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NEW YORK NEW YORK: Let us all give thanks in 2011

Tony Best

NEW YORK NEW YORK: Let us all give thanks in 2011

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The decade of the 1620s is of major historical significance to Barbados and the United States.
Four years before the English arrived in Barbados on May 14, 1625, and claimed the island on behalf of King James 1, a group of English pilgrims who had landed at Plymouth, Massachesetts, held their first celebration in 1621 to give “thanks” for a bountiful harvest.
For three days the colonists, joined by almost 100 native Americans, had sumptuous meals and otherwise enjoyed themselves. It was the beginning of Thanksgiving.
Thanksgiving festivities have become intricately interwoven into the country’s every fabric and it is embraced by native born and immigrants alike, Bajans and other West Indians among them.
This year’s celebration came at an interesting time, when the United States, like its neighbours in the Caribbean and Latin America and its economic partners in Europe, is still reeling from the fallout from the worst economic crisis since the Great Depression of the 1930s. It’s an economic nightmare that has cost millions of people their jobs; others have lost homes; and many more were plunged into poverty in a country whose image is one of prosperity and plenty, a land of opportunity.
Yes, we all have friends who have endured or are going through mind-numbing experiences.
Interestingly, this is the last Thanksgiving weekend before more than 100 million voters go to the polls in November 2012. Thanks to Obama’s strength of character and many of his policies – his health care programme and reform of the financial markets are two examples – the nation is better off today than when he took office.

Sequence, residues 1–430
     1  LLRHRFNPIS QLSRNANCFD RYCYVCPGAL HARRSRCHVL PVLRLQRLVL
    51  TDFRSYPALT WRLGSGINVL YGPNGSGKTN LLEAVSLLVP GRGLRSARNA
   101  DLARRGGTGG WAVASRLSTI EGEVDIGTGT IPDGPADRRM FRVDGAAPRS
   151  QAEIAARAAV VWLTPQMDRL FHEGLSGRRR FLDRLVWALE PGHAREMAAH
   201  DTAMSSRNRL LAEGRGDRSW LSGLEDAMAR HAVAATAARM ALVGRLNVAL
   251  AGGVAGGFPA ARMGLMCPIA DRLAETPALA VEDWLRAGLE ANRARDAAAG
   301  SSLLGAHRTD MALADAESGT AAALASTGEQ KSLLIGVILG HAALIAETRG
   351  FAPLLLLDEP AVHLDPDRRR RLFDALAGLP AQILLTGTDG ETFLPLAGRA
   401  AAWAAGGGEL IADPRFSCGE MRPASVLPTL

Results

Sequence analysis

Caribbean countries too have had their own share of tough times. But better days may be on the horizon for Barbados, Jamaica and The Bahamas, for example. They recorded sharp economic declines in 2009 in 2009 but are expected to have slight growth this year and in 2012.  
Last Thanksgiving Day, Haitians in the United States were agonizing over the after-effects of the worst earthquake in their country’s history but today they have a newly elected president and a government in office.
At the same time, all Caribbean states can give thanks for the absence of any major storms and hurricanes that had threatened the region before the hurricane season began.
The Barbados Government must also be saying hallelujah after Standard & Poor’s, the Wall Street credit rating firm, opted not to reduce Barbados’ credit status from investment grade to junk as many had expected.
Both Prime Minister Freundel Stuart and Minister of Finance Chris Sinckler are probably saying thanks to Olga Kalinina and others at S&P, as well as to God, for the island-nation’s ability to dodge the proverbial downgrade bullet.

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